Knock­out Kings 2000 is a great sports game for the PSOne. While EA is known for cash grabs, and low-qual­i­ty work on their games, I believe that they found the mag­ic for­mu­la for suc­cess with this.

SSX Tricky — 3Q2014 issue

Pho­tos cour­tesy of

Grab your gear and hit the slopes

SSX can get a lit­tle … well … Tricky. OK, yes, I went for the easy joke, but it’s one that can be made with a sol­id title in SSX Tricky. Tricky tends to take the best things about the SSX fran­chise and make them bet­ter. And that’s bet­ter for every­one because snow­board­ing games of the time weren’t exact­ly fresh­ly pow­dered experiences.

Tricky set­tles into its role as a snow­board­ing sim­u­la­tor with slick visu­als and an added bonus of inter­est­ing char­ac­ters. The eas­i­est way to describe play­ing Tricky is that it’s you ver­sus the moun­tain, and well, some­times you ver­sus the oth­er char­ac­ters ver­sus the moun­tain. While the World Cir­cuit mode is tout­ed as a main attrac­tion — and it is cer­tain­ly is for sev­er­al rea­sons — the mode that does the most for me is Free Ride. There’s noth­ing quite like run­ning down the tracks and pulling off tricks with­out oth­er char­ac­ters to annoy you. The char­ac­ters aren’t real­ly that annoy­ing, and the rival­ry sys­tem is fun, but I pre­ferred my soli­tude while learn­ing the game and Prac­tice and Free Ride pro­vid­ed that easily.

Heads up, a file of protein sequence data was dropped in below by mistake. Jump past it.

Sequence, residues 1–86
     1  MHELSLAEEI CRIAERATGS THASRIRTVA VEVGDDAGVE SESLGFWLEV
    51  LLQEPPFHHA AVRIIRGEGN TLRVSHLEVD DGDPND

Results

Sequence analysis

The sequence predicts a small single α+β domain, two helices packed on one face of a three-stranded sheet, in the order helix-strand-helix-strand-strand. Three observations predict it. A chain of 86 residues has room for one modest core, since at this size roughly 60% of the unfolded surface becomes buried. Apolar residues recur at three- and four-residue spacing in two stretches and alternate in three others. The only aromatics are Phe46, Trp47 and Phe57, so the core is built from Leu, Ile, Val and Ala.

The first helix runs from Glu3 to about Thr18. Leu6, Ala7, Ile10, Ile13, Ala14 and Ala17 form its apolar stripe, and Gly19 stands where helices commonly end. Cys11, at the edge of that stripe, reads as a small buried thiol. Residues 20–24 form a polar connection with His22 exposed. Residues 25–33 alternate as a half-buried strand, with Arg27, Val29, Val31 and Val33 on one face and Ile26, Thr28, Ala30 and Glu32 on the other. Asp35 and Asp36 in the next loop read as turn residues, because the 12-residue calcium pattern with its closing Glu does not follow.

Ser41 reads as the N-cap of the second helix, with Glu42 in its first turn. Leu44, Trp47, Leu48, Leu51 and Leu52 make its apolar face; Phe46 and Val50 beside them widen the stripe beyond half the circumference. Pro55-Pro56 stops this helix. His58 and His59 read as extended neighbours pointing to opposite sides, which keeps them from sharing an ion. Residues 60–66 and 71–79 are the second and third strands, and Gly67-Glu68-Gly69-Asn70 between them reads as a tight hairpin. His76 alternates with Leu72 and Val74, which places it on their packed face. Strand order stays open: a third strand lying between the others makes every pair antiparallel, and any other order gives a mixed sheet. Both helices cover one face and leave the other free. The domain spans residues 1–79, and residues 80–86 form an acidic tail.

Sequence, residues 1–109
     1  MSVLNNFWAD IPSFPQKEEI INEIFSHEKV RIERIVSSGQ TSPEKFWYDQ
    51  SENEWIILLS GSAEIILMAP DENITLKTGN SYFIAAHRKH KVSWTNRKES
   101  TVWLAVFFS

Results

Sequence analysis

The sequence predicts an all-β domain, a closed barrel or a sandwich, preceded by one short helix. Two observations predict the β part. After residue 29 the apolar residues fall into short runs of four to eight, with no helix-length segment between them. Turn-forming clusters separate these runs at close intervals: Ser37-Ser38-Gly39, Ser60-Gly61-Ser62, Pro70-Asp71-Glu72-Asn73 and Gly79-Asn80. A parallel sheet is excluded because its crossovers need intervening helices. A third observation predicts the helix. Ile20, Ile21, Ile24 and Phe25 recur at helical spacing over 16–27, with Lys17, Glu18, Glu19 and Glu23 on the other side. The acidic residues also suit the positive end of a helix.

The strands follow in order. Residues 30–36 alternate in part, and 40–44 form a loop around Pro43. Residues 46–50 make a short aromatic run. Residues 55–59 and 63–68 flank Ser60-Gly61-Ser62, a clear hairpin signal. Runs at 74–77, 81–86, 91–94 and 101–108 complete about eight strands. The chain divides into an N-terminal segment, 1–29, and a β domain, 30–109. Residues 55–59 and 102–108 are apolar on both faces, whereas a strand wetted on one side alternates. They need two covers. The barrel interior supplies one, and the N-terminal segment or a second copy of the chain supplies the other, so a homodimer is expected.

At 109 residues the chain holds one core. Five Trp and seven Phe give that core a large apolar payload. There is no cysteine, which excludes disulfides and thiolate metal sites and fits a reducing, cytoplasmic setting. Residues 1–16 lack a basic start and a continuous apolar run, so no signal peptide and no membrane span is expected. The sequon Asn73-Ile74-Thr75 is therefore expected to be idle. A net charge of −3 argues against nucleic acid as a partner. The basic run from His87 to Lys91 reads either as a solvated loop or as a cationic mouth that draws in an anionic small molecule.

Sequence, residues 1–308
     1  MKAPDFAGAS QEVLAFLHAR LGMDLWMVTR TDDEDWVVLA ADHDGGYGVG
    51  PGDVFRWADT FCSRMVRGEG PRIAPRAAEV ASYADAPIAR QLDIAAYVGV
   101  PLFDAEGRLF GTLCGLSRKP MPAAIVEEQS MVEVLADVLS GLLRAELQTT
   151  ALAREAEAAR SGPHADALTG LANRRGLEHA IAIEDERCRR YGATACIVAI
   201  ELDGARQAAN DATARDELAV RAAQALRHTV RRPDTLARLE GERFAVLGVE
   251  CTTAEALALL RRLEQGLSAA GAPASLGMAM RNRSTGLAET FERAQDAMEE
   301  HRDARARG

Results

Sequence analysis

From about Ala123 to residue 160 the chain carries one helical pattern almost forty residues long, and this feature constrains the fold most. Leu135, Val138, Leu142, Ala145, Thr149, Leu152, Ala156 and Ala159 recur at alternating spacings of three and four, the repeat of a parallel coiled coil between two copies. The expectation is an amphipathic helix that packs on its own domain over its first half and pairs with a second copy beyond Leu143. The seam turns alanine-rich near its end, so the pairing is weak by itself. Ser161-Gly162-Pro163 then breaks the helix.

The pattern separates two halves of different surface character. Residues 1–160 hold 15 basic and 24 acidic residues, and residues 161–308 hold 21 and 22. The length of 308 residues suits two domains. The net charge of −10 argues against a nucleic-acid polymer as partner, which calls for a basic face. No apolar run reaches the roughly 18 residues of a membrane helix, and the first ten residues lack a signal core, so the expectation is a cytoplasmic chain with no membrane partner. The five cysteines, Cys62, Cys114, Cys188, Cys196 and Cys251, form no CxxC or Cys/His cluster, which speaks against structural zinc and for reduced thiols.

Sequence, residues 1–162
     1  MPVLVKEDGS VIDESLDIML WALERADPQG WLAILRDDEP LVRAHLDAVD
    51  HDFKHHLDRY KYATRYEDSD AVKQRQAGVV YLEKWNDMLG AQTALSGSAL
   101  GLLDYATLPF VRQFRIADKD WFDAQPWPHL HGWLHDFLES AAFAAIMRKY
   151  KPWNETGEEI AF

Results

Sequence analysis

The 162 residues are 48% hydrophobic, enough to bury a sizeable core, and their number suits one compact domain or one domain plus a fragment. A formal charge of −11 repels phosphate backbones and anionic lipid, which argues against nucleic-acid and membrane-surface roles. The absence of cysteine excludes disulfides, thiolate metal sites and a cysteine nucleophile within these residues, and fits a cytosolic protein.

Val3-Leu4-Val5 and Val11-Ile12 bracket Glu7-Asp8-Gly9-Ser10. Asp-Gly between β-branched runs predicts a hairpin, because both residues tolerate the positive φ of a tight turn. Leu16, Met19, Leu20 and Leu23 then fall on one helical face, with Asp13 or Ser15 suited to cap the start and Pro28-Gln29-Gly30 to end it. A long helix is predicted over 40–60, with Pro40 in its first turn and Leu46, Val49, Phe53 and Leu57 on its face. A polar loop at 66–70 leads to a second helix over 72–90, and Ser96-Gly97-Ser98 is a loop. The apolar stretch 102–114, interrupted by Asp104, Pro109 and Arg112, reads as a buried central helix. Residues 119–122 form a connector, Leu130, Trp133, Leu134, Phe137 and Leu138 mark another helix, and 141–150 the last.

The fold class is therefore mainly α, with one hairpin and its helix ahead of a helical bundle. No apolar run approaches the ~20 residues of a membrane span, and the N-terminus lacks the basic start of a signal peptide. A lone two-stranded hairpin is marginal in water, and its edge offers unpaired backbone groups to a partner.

Those slick visu­als are also on dis­play through­out the dif­fer­ent modes, and it imme­di­ate­ly sets the game apart from its com­pe­ti­tion of the time. The game flat-out looks great on the Game­Cube, and the oth­er con­sole ver­sions looked great, too. The Game­Cube ver­sion has an inter­est­ing con­trol scheme that lends itself to rolling down the slopes, and it’s intu­itive and becomes sec­ond nature as you become more com­fort­able pulling off var­i­ous tricks. For that increas­ing lev­el of com­fort, you are reward­ed with big­ger and bet­ter items that should help you improve as well as make you look a lit­tle bet­ter on the track. It’s that dri­ve to unlock these good­ies and tracks that keeps you com­ing back to Tricky.

That’s all along­side the sound­track, which is excel­lent, too. There are a few vocal pieces with the instru­men­tal tracks for the dif­fer­ent lev­els, and all are appro­pri­ate for the atmos­phere EA wants to con­vey. In par­tic­u­lar, the remix of Run DMC’s mas­sive hit “Tricky” is the high­light — as it should be. If it’s the main theme of the game, it should stand out, which it man­ages to do so. It nev­er gets old to hear the trio’s 1986 hit sam­pled and remixed (editor’s note: ’80s rap nev­er gets old, in any sit­u­a­tion) while throw­ing down mas­sive tricks on a treach­er­ous moun­tain. And, believe it or not, the voice act­ing adds to the game as well. Usu­al­ly, a ful­ly famous all-star cast of voice actors pro­duces mixed results. How­ev­er, Tricky is an excep­tion to that rule. Folks like Lucy Liu, Oliv­er Platt, Patri­cia Velasquez and Bil­ly Zane deliv­er sol­id results.

With three oth­er sequels and a reboot in 2012, Tricky has had the chal­lenge of stand­ing out in a crowd­ed library of titles fea­tur­ing snow­board­ing. But it’s not that hard to do when it’s got good mechan­ics and great atmos­phere, a rather tricky feat to accomplish.